Document Type



Virginia Institute of Marine Science

Publication Date



Frontiers In Microbiology




Antibiotics in soils may affect the structure and function of microbial communities. In this study, we investigated the acute effects of tetracycline on soil microbial community composition and production of nitrous oxide (N2O) and dinitrogen (N-2) as the end-products of denitrification. Grassland soils were pre-incubated with and without tetracycline for 1-week prior to measurements of N2O and N-2 production in soil slurries along with the analysis of prokaryotic and fungal communities by quantitative polymerase chain reaction (qPCR) and next-generation sequencing. Abundance and taxonomic composition of bacteria carrying two genotypes of N2O reductase genes (nosZ-I and nosZ-II) were evaluated through qPCR and metabolic inference. Soil samples treated with tetracycline generated 12 times more N2O, but N-2 production was reduced by 84% compared to the control. In parallel with greater N2O production, we observed an increase in the fungi: bacteria ratio and a significant decrease in the abundance of nosZ-II carrying bacteria; nosZ-I abundance was not affected. NosZ-II-carrying Bacillus spp. (Firmicutes) and Anaeromyxobacter spp. (Deltaproteobacteria) were particularly susceptible to tetracycline and may serve as a crucial N2O sink in grassland soils. Our study indicates that the introduction of antibiotics to agroecosystems may promote higher N2O production due to the inhibitory effects on nosZ-II-carrying communities.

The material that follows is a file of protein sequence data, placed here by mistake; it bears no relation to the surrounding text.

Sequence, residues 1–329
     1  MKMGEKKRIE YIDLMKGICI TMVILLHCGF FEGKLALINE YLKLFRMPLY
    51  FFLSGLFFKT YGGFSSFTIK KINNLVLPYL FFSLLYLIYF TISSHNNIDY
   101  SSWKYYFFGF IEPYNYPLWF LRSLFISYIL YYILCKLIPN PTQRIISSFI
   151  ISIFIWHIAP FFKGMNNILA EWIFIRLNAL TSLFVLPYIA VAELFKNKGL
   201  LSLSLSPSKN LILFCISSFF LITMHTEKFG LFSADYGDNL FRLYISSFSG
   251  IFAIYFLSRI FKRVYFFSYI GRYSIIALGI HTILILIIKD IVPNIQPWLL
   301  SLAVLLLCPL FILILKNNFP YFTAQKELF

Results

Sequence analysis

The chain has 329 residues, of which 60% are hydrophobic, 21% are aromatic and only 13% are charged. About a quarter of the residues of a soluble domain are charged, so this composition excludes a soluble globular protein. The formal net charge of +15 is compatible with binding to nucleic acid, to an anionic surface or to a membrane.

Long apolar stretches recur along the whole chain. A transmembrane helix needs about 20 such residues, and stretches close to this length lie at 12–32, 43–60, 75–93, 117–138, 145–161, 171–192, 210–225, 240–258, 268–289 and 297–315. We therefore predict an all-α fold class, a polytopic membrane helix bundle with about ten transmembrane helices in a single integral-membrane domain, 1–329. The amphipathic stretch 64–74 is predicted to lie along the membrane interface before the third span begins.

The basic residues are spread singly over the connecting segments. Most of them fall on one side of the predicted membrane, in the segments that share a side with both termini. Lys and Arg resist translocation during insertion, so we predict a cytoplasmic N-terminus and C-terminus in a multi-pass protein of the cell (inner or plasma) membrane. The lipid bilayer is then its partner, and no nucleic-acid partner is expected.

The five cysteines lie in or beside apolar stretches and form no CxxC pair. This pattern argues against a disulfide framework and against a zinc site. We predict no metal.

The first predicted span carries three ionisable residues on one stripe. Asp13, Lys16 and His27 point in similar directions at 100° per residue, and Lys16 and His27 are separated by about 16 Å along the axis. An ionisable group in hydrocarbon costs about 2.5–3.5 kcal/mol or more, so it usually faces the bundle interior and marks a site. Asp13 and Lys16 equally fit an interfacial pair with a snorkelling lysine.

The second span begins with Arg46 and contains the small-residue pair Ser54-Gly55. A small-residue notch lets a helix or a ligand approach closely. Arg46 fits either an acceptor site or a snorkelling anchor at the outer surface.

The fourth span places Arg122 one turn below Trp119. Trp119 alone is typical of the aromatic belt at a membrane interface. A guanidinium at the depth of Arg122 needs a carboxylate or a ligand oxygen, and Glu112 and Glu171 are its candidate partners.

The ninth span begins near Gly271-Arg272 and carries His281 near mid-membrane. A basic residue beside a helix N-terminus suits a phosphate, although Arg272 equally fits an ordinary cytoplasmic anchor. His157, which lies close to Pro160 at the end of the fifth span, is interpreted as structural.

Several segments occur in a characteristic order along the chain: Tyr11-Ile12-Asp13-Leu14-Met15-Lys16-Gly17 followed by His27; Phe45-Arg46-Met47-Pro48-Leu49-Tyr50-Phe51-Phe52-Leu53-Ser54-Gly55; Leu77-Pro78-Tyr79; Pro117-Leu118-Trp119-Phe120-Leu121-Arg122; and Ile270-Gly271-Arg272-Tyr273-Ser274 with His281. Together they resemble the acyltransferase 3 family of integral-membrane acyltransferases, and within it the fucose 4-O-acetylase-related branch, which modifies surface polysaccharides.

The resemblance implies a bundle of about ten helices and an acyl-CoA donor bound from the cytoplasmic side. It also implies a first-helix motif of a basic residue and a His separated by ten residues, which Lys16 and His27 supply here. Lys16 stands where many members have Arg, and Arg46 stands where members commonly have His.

Nitrous-Oxide Reductase; 16S Ribosomal-Rna; Fungal Denitrification; Pig-Manure; Tetracycline Antibiotics; Bacterial Communities; Agricultural Soils; Resistance Genes; Diversity; Emissions (2189 kB)
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